salt       => '0c3cd42b97d0b0df45542fcb5961a2920f2fd6204aa151bf08d762d9dd44fd0c',
          shell      => '/bin/bash',
          uid        => '502',
  }
}

Save it, and then back on your client perform a Puppet run:

sudo puppet agent --test

Of course nothing has changed – that’s because your client’s configuration is how you have described it in site.pp. Try changing ladmin’s password in system preferences, then perform another Puppet run. You’ll see Puppet change the password right back.

Now we’ve got our Local Admin user working, it might be nice to hide it away from inquisitive users. The first step is to change our Local Admin’s UID to something lower than 500 – I like 404 (nerd joke), and then for good measure, we’ll move the home folder out of /Users and into /var.

site.pp
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node puppetclient {
  user { 'ladmin':
          ensure     => 'present',
          comment    => 'Local Admin',
          gid        => '20',
          groups     => ['_appserveradm', '_appserverusr', '_lpadmin', 'admin'],
          home       => '/var/ladmin',
          iterations => '21881',
          password   => '401e3aa796b3bfff2c8e929a003b727be1bd548aa0f0b0e131f0d11f3953162be210200a70872734a28be747a933e12e2458ffdcc60d209eab9e006a9f4042dc883148070e6e8ad05f4a5e5d44bd0ddfc9494482f0d16c9d5eb1de086183db1b89df9982d2856eeed431d65e03ff99177c3185aa61bc926b1a0020c49621ddd8',
          salt       => '0c3cd42b97d0b0df45542fcb5961a2920f2fd6204aa151bf08d762d9dd44fd0c',
          shell      => '/bin/bash',
          uid        => '404',
  }
}

That gets the home folder moved, now to actually hide the home folder. Add this just before the closing } (curly bracket) in your site.pp:

site.pp
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exec {'Hide sub-500 users':
        command => "/usr/bin/defaults write /Library/Preferences/com.apple.loginwindow Hide500Users -bool TRUE",
        }

When you perform a Puppet run, you’ll notice that your command is run every time, regardless of whether it needs to. We only really need to run that when we change our Local Admin user. To do that, we’ll change two lines. When the Admin User changes, we’ll send a signal to the exec, and we’ll change the exec to only run when it is told to.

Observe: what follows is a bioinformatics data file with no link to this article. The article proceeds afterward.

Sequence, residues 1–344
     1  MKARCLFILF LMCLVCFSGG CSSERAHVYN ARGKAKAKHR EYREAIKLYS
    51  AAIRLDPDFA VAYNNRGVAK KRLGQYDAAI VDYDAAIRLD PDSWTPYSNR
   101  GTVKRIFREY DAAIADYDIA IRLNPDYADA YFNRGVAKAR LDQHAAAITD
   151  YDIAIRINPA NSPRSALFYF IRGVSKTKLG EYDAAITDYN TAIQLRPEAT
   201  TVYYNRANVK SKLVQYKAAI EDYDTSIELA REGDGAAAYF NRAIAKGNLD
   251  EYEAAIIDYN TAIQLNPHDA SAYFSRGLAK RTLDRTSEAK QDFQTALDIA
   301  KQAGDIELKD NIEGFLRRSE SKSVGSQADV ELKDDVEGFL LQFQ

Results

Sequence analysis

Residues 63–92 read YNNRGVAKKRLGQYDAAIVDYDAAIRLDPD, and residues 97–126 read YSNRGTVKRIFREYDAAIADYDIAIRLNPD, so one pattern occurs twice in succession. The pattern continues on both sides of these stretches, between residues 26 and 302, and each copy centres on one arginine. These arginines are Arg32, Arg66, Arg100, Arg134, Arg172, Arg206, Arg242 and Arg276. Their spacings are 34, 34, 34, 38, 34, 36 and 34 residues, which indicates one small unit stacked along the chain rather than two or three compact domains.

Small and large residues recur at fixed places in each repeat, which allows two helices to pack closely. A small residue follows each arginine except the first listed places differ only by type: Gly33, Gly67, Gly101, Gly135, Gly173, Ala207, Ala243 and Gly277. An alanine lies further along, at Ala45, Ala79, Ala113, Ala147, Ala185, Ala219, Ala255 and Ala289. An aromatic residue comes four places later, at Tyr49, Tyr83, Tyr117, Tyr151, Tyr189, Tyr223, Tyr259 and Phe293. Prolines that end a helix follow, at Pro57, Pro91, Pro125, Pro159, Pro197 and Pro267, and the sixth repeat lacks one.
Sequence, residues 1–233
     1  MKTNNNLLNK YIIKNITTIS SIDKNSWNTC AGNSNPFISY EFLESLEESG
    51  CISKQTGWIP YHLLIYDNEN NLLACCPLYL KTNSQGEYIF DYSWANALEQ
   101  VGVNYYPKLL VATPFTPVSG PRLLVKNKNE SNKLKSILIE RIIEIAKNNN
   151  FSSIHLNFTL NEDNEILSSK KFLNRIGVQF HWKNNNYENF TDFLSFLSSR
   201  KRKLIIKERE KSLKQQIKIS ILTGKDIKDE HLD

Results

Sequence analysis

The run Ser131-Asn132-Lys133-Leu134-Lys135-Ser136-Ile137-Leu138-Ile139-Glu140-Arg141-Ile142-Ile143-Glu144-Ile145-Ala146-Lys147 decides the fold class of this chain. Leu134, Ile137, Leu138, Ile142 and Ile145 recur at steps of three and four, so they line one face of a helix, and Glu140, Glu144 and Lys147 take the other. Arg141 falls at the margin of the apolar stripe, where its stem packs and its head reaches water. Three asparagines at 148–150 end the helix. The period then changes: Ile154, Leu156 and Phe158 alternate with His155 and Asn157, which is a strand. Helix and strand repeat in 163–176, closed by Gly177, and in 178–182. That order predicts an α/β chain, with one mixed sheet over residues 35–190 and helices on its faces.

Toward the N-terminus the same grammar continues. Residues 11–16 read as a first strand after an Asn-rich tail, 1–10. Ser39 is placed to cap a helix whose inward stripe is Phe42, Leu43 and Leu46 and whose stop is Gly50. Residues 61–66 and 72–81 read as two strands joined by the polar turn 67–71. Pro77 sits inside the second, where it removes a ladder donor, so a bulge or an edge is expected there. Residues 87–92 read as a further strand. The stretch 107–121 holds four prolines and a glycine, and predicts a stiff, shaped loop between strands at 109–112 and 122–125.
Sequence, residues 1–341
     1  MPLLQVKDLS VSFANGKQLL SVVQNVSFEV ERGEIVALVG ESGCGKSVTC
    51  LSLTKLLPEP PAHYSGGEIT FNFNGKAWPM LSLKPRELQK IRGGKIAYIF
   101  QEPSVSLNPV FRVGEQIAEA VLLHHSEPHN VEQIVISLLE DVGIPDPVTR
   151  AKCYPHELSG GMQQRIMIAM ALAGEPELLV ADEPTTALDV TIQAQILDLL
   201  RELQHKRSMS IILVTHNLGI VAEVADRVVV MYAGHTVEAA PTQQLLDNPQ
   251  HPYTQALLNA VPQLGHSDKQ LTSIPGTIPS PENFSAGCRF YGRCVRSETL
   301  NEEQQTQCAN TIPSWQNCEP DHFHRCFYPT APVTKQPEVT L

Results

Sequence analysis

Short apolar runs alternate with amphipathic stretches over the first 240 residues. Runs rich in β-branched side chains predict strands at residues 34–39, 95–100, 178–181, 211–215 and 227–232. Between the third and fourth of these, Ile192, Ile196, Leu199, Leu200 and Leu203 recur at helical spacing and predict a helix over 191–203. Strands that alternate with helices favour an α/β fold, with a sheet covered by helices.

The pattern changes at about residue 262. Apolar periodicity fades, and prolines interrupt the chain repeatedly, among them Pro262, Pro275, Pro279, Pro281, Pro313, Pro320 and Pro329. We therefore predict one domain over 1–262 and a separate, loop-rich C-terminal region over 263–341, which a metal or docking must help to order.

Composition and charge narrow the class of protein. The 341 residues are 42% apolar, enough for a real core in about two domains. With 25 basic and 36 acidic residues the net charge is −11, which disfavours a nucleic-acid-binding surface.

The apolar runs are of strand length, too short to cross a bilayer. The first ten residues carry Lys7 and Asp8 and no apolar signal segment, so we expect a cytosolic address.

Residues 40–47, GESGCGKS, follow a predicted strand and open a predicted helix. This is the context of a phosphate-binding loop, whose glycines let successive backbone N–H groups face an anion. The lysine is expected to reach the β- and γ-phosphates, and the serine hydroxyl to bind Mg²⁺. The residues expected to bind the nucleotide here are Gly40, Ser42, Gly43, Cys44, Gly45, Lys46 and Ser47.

site.pp
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node puppetclient {
  user { 'ladmin':
          ensure     => 'present',
          comment    => 'Local Admin',
      gid        => '20',
          groups     => ['_appserveradm', '_appserverusr', '_lpadmin', 'admin'],
          home       => '/var/ladmin',
          iterations => '21881',
          password   => '401e3aa796b3bfff2c8e929a003b727be1bd548aa0f0b0e131f0d11f3953162be210200a70872734a28be747a933e12e2458ffdcc60d209eab9e006a9f4042dc883148070e6e8ad05f4a5e5d44bd0ddfc9494482f0d16c9d5eb1de086183db1b89df9982d2856eeed431d65e03ff99177c3185aa61bc926b1a0020c49621ddd8',
          salt       => '0c3cd42b97d0b0df45542fcb5961a2920f2fd6204aa151bf08d762d9dd44fd0c',
          shell      => '/bin/bash',
          uid        => '404',
          notify     => Exec['Hide sub-500 users'],
  }
  
      exec {'Hide sub-500 users':
        command => "/usr/bin/defaults write /Library/Preferences/com.apple.loginwindow Hide500Users -bool TRUE",
        refreshonly => true,
        }
}

Save it, and perform a Puppet run on your client.You’ll notice that the defaults command is now only run when Puppet needs to modify the user.

Next time, we’ll be taking a look at Modules – pre-built bits of Puppet code that you can plug into your workflow to save you re-inventing the wheel.